from Wikipedia, the free encyclopedia) The Rolls-Royce Silver Shadow is a luxury car produced in Great Britain in various forms from 1965 to 1980. A successful response to concerns the company was falling behind the times, it was the first Rolls-Royce to use a monocoque chassis, and to date has the largest production volume of any Rolls-Royce. Initially, the model was planned to be called "Silver Mist", a natural progression from its predecessor Silver Cloud. The name was changed to "Silver Shadow" after realizing that "mist" is the German word for manure, rubbish, or dirt. The design was a major departure from its predecessor, the Silver Cloud. The John Polwhele Blatchley design was the firm's first single bow model. More than 50% of its predecessor had been sold on the domestic market where, by the standards of much of Europe and most of North America, roads were narrow and crowded. The original Shadow was 3½ inches (9cm) narrower and 7 inches (18 cm) shorter than the car it replaced, but nevertheless managed to offer increased passenger and luggage space thanks to more efficient packaging made possible by unitary ("monocoque") construction. Aside from a more modern appearance an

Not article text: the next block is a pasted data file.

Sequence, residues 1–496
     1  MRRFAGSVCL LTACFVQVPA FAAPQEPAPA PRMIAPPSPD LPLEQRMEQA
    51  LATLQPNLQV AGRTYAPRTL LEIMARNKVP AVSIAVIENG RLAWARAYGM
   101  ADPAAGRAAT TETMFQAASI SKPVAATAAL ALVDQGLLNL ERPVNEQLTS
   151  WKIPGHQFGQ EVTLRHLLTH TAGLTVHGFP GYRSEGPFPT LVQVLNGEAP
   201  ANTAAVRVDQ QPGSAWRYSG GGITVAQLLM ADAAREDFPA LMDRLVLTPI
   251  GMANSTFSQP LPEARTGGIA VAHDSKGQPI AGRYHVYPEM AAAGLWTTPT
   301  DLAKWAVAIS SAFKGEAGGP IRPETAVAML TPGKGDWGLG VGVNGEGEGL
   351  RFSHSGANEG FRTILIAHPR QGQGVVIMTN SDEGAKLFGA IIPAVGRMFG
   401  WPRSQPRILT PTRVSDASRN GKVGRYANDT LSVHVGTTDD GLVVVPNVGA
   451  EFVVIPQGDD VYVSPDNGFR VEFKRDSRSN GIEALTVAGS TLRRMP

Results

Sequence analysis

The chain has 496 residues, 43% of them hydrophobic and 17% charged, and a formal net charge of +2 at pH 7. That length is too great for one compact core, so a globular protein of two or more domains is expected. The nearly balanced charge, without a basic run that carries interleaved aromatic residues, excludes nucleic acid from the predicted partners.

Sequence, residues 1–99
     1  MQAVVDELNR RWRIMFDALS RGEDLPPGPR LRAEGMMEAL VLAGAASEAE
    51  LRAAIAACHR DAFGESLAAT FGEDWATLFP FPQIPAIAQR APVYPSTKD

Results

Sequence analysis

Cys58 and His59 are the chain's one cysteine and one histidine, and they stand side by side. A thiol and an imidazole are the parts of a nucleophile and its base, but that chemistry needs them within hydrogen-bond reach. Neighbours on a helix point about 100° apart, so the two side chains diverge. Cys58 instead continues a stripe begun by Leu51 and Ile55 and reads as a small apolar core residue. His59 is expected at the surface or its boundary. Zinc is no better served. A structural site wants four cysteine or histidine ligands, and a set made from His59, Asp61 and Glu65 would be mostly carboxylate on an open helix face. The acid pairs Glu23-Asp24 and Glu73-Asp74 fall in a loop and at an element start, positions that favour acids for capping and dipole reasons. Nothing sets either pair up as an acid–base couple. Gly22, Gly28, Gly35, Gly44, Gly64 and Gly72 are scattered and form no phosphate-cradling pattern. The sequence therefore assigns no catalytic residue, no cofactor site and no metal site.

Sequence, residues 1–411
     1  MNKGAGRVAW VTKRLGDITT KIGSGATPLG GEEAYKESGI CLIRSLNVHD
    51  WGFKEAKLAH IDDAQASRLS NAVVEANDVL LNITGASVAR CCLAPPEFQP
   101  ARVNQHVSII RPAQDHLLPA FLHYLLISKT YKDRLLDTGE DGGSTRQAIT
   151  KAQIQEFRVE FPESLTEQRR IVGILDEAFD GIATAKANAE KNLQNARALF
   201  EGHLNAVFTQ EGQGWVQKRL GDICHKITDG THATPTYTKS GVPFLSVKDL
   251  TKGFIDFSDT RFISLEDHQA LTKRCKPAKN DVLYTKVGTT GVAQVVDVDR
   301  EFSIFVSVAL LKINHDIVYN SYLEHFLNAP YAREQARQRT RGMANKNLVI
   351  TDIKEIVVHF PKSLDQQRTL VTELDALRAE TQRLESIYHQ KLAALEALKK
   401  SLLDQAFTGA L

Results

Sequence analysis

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Rolls-Royce was never any good at building cars for the common man, then...
In line with Rolls-Royce’s position at the top of the luxury car market,...